In May 1946, Einstein made a rare public appearance outside of Princeton, New Jersey (where he lived and worked in the latter part of his life), when he traveled to the campus of Pennsylvania’s Lincoln University, the United States’ first degree-granting black university, to take part in a ceremony conferring upon him the honorary degree of doctor of laws. Prior to accepting that degree, he delivered a ten-minute speech to the assembled audience in which he called upon the United States to take a leading role in preventing another world war and denounced the practice of segregation. Because mainstream U.S. newspapers reported little or nothing about the event, a full transcript of Einstein’s speech that day does not exist — the only existing record of his words is a few excerpts pieced together from quotes reproduced in coverage by the black press:

The only possibility of preventing war is to prevent the possibility of war. International peace can be achieved only if every individual uses all of his power to exert pressure on the United States to see that it takes the leading part in world government.
The United Nations has no power to prevent war, but it can try to avoid another war. The U.N. will be effective only if no one neglects his duty in his private environment. If he does, he is responsible for the death of our children in a future war.
My trip to this institution was in behalf of a worthwhile cause.

There is a separation of colored people from white people in the United States. That separation is not a disease of colored people. It is a disease of white people. I do not intend to be quiet about it.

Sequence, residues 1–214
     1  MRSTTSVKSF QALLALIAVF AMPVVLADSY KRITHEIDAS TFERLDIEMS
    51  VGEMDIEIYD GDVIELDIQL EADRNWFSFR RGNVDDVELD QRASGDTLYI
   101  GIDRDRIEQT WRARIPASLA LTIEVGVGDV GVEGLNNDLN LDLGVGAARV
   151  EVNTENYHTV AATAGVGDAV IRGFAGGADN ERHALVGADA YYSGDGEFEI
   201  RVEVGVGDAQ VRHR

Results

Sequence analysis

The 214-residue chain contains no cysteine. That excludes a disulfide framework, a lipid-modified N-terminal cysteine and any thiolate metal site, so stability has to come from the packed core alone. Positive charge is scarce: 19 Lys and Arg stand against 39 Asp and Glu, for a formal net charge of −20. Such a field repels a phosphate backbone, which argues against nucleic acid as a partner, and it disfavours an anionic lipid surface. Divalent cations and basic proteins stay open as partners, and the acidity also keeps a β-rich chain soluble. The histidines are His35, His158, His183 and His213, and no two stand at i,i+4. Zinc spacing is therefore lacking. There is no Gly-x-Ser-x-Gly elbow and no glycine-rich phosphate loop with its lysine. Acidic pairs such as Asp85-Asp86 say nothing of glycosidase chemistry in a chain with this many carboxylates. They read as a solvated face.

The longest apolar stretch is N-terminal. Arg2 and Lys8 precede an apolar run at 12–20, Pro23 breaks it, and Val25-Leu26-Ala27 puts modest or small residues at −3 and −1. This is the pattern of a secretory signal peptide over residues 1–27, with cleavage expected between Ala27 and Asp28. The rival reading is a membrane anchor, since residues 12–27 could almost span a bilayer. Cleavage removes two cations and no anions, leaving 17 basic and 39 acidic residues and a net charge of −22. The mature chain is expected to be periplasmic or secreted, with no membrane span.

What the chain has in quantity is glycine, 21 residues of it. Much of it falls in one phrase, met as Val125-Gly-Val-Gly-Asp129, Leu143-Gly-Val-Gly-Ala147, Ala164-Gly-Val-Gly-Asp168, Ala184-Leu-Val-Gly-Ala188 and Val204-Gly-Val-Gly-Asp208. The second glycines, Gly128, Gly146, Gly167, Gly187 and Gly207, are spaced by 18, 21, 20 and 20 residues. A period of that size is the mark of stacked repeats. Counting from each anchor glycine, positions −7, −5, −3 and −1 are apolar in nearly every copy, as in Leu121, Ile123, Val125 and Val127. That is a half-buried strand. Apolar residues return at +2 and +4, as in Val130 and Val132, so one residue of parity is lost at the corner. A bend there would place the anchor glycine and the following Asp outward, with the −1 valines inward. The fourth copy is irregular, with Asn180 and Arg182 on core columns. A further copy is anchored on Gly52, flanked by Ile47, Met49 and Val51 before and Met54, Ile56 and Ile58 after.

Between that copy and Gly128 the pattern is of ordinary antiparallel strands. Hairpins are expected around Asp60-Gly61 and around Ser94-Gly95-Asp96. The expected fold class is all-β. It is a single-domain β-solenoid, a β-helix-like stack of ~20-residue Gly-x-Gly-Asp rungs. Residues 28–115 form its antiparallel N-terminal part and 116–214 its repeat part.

The situation of mankind today is like that of a little child who has a sharp knife and plays with it. There is no effective defense against the atomic bomb … It can not only destroy a city but it can destroy the very earth on which that city stood.

As the authors of “Einstein on Race and Racism” noted, Einstein’s comments about segregation at Lincoln University reflected his own experiences in both his native Germany and his adopted home in the United States and were part of a pattern of his attempting to ameliorate the effects of discrimination:

According to Jerome and Taylor, Einstein’s statements at Lincoln were by no means an isolated case. Einstein, who was Jewish, was sensitized to racism by the years of Nazi-inspired threats and harassment he suffered during his tenure at the University of Berlin. Einstein was in the United States when the Nazis came to power in 1933, and, fearful that a return to Germany would place him in mortal danger, he decided to stay, accepting a position at the recently founded Institute for Advanced Study in Princeton, N.J. He became an American citizen in 1940.

But while Einstein may have been grateful to have found a safe haven, his gratitude did not prevent him from criticizing the ethical shortcomings of his new home.
“Einstein realized that African Americans in Princeton were treated like Jews in Germany,” said Taylor. “The town was strictly segregated. There was no high school that blacks could go to until the 1940s.”
Einstein’s response to the racism and segregation he found in Princeton (Paul Robeson, who was born in Princeton, called it “the northernmost town in the South”) was to cultivate relationships in the town’s African-American community. Jerome and Taylor interviewed members of that community who still remember the white-haired, disheveled figure of Einstein strolling through their streets, stopping to chat with the inhabitants, and handing out candy to local children.
One woman remembered that Einstein paid the college tuition of a young man from the community. Another said that he invited Marian Anderson to stay at his home when the singer was refused a room at the Nassau Inn.